Blue Brain team discovers a multi-dimensional universe in brain networks

June 12, 2017
The image attempts to illustrate something that cannot be imaged -- a universe of multi-dimensional structures and spaces. On the left is a digital copy of a part of the neocortex, the most evolved part of the brain. On the right are shapes of different sizes and geometries in an attempt to represent structures ranging from 1 dimension to 7 dimensions and beyond. The "black-hole" in the middle is used to symbolize a complex of multi-dimensional spaces, or cavities. Researchers at Blue Brain Project report groups of neurons bound into such cavities provide the missing link between neural structure and function, in their new study published in Frontiers in Computational Neuroscience. Credit: Blue Brain Project

For most people, it is a stretch of the imagination to understand the world in four dimensions but a new study has discovered structures in the brain with up to eleven dimensions - ground-breaking work that is beginning to reveal the brain's deepest architectural secrets.

Using algebraic topology in a way that it has never been used before in neuroscience, a team from the Blue Brain Project has uncovered a universe of multi-dimensional geometrical structures and spaces within the networks of the .

The research, published today in Frontiers in Computational Neuroscience, shows that these structures arise when a group of neurons forms a clique: each neuron connects to every other neuron in the group in a very specific way that generates a precise geometric object. The more neurons there are in a clique, the higher the of the geometric object.

"We found a world that we had never imagined," says neuroscientist Henry Markram, director of Blue Brain Project and professor at the EPFL in Lausanne, Switzerland, "there are tens of millions of these objects even in a small speck of the brain, up through seven dimensions. In some networks, we even found structures with up to eleven dimensions."

Markram suggests this may explain why it has been so hard to understand the brain. "The mathematics usually applied to study networks cannot detect the high-dimensional structures and spaces that we now see clearly."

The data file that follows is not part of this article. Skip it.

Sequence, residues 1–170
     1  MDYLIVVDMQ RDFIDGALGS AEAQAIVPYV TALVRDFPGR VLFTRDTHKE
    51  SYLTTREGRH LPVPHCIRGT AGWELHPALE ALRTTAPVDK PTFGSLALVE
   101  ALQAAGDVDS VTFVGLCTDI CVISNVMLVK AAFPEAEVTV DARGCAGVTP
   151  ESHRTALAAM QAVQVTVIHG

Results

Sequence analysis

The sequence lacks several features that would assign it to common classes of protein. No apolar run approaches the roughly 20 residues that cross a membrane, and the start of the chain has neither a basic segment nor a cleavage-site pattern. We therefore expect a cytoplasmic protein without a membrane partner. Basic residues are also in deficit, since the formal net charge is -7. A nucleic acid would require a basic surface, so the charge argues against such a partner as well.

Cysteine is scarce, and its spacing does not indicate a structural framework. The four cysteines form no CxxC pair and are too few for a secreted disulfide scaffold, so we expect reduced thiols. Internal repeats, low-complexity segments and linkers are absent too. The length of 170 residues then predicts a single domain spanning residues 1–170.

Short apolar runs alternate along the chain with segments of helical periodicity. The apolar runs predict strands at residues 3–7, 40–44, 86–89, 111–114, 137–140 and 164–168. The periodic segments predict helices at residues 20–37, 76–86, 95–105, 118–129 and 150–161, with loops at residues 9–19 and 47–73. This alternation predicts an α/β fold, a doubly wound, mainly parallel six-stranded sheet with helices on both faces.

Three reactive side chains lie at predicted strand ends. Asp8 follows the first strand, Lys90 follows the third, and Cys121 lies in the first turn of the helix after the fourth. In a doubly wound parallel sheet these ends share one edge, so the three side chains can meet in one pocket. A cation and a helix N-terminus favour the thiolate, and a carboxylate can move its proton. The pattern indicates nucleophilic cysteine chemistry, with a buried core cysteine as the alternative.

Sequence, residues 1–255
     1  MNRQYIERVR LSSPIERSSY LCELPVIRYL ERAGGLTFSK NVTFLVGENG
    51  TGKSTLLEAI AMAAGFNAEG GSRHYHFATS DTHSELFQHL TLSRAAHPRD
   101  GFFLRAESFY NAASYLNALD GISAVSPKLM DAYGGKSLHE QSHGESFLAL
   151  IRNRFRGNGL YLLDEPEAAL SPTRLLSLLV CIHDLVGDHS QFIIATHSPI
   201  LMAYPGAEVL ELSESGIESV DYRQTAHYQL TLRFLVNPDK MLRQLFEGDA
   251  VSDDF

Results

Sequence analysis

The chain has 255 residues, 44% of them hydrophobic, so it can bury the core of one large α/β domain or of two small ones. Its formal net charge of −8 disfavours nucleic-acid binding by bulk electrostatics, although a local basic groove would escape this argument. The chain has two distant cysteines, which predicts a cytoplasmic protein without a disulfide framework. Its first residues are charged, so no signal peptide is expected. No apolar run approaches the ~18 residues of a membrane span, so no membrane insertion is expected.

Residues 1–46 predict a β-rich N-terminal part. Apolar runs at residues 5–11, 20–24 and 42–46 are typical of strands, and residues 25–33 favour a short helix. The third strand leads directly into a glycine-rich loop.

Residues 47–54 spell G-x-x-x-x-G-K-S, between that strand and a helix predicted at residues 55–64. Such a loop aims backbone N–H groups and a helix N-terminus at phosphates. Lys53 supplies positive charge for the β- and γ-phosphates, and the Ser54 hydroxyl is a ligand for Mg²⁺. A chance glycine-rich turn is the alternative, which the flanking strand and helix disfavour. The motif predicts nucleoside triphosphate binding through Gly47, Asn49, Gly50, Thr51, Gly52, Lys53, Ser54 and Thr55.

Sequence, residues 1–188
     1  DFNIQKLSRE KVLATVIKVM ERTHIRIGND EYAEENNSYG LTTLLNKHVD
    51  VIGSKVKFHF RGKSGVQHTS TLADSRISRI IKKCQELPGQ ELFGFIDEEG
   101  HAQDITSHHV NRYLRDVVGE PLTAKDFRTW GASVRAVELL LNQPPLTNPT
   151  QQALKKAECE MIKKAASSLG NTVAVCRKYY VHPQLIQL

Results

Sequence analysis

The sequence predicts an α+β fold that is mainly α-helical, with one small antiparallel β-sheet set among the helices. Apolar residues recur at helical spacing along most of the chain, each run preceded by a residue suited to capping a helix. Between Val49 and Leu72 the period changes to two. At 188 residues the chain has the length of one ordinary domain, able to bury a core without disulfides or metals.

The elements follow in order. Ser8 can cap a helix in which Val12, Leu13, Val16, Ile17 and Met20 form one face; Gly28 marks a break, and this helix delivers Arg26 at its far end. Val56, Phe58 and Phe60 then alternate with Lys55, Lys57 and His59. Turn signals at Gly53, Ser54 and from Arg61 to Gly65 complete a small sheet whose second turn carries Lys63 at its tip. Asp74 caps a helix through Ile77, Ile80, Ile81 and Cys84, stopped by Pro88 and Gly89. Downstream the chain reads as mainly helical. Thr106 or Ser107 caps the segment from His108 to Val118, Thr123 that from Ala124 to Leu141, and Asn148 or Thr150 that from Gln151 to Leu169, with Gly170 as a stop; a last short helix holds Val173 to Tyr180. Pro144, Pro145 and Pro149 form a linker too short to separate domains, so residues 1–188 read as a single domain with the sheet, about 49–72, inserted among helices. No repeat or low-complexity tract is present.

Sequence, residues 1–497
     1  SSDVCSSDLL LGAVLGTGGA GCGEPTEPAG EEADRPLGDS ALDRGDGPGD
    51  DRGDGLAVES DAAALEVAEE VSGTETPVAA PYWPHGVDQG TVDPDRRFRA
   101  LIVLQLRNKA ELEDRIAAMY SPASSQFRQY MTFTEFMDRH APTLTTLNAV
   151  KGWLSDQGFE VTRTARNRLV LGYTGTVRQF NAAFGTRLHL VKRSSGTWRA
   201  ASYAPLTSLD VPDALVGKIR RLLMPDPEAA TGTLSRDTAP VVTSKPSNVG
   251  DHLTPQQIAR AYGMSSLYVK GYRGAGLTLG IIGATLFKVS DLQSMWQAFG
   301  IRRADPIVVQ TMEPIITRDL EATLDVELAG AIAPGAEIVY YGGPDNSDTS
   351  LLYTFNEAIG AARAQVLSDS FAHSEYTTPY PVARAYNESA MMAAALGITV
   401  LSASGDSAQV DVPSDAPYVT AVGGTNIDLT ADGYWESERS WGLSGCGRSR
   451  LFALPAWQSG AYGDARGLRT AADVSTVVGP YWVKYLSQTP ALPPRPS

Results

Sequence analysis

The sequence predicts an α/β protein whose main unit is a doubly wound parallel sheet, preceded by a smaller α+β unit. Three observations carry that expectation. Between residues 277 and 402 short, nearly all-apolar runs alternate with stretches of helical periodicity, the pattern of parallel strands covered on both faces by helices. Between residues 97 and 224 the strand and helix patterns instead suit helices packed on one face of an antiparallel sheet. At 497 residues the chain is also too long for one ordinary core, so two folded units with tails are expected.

If 4D worlds stretch our imagination, worlds with 5, 6 or more dimensions are too complex for most of us to comprehend. This is where algebraic topology comes in: a branch of mathematics that can describe systems with any number of dimensions. The mathematicians who brought algebraic topology to the study of brain networks in the Blue Brain Project were Kathryn Hess from EPFL and Ran Levi from Aberdeen University.

"Algebraic topology is like a telescope and microscope at the same time. It can zoom into networks to find hidden structures - the trees in the forest - and see the empty spaces - the clearings - all at the same time," explains Hess.

In 2015, Blue Brain published the first digital copy of a piece of the neocortex - the most evolved part of the brain and the seat of our sensations, actions, and consciousness. In this latest research, using algebraic topology, multiple tests were performed on the virtual brain tissue to show that the multi-dimensional brain structures discovered could never be produced by chance. Experiments were then performed on real brain tissue in the Blue Brain's wet lab in Lausanne confirming that the earlier discoveries in the virtual tissue are biologically relevant and also suggesting that the brain constantly rewires during development to build a with as many high-dimensional structures as possible.

When the researchers presented the virtual brain tissue with a stimulus, cliques of progressively higher dimensions assembled momentarily to enclose high-dimensional holes, that the researchers refer to as cavities. "The appearance of high-dimensional cavities when the brain is processing information means that the neurons in the network react to stimuli in an extremely organized manner," says Levi. "It is as if the brain reacts to a stimulus by building then razing a tower of multi-dimensional blocks, starting with rods (1D), then planks (2D), then cubes (3D), and then more complex geometries with 4D, 5D, etc. The progression of activity through the brain resembles a multi-dimensional sandcastle that materializes out of the sand and then disintegrates."

The big question these researchers are asking now is whether the intricacy of tasks we can perform depends on the complexity of the multi-dimensional "sandcastles" the brain can build. Neuroscience has also been struggling to find where the brain stores its memories. "They may be 'hiding' in high-dimensional cavities," Markram speculates.